Industry and Hydropower
Aside from agricultural and domestic use, water is used to manufacture goods, generate electricity, and mine materials we use in our everyday lives. Some of these processes are consumptive (use the water up) or use recirculation systems that allow water to be used over and over, as is the case in many cooling systems. Inevitably, some water will be lost in all processes due to evaporation or leakage.
Mining accounts for roughly 1% of total water withdrawls. This water is used to extract solids such as coal, gravel , iron, and sand; water is also used to extract liquids such as raw crude oil; and gases like natural gas. Some of these processes include: quarrying, injection, and milling of mined materials. Although a substantial amount of this water comes from groundwater, Utah withdraws more saline surface water than any other state due to mining salt from the Great Salt Lake.
Manufacturing accounts for roughly 4% of total water withdrawls. Water in manufacturing is used in processes such as washing, diluting, fabricating, processing, and general sanitation. Some water is actually inorporated into the product, as is the case with food, chemicals, and refined petroleum. In factories that process food or clean sensitive equipment such as medical instruments, water must be free of contaminants. Many of these facilities, however, will have internal cleaning and monitoring protocols.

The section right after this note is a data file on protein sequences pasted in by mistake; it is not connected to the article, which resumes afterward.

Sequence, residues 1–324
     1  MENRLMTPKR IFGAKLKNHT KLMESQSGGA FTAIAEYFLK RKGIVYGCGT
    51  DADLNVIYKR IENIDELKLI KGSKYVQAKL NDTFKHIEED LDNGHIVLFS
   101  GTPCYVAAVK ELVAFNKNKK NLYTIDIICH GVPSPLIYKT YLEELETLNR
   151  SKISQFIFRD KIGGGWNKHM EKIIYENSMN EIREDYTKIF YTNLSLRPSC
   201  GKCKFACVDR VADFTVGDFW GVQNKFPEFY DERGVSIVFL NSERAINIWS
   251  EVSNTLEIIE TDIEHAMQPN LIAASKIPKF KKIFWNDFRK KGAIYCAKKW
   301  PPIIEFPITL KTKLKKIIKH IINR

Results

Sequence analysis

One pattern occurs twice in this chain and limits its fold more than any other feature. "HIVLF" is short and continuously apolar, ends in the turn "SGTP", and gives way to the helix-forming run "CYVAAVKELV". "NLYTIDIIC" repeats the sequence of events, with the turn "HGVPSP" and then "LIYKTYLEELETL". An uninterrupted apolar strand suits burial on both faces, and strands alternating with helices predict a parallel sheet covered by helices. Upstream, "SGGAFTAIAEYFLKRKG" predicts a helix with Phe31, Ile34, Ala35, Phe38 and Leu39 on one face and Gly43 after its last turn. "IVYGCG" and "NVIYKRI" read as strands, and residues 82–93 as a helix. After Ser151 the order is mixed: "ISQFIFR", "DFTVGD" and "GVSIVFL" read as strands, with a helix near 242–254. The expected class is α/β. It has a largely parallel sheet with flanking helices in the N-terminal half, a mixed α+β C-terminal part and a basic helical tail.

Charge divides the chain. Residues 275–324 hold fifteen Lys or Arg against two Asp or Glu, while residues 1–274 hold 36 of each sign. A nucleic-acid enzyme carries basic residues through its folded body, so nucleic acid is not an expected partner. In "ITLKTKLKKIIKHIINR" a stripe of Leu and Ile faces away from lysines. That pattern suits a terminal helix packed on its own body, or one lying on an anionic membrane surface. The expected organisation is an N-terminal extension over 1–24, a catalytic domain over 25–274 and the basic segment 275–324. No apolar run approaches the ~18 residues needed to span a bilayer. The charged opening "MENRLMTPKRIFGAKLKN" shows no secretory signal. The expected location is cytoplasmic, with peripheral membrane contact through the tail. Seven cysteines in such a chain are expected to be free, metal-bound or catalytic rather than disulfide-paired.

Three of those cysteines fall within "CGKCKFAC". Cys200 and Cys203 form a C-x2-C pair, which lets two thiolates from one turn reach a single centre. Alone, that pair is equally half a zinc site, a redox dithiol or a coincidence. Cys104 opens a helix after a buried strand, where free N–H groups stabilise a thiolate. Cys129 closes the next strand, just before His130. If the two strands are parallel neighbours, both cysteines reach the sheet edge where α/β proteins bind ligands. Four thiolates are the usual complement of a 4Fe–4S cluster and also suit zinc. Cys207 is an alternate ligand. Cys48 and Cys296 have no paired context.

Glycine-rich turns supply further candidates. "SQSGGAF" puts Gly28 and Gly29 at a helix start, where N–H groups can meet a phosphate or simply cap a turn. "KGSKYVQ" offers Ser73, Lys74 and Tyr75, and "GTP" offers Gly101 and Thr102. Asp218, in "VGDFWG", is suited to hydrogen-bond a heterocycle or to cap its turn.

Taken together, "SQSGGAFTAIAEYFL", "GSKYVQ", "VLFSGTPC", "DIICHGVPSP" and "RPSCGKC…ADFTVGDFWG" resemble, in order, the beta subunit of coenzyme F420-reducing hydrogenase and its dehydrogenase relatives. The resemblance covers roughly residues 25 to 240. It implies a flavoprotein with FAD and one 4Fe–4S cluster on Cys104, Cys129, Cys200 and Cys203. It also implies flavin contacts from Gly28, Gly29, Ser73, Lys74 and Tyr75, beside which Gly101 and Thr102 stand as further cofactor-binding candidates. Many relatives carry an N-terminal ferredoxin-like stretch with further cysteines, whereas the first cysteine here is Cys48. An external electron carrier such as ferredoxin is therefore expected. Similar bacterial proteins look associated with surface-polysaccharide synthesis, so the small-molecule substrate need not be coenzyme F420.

Thermoelectric power accounts for 45% of total water withdrawls. Thermoelectric power is defined as power generated by converting thermal energy into electric power. Some power plants use once-through systems, whereas others use recirculation systems. In both types, water must be cooled before returning to the river. If water is returned to the nearby river at a temperature too high, it will negatively impact fish and other aquatic organisms. Many organisms have adapted to particular temperatures, therefore, can only handle temperature fluctuations within their respective ranges. Many fish also have specific dissolved oxygen requirements. As water temperature rises, solubility of oxygen decreases.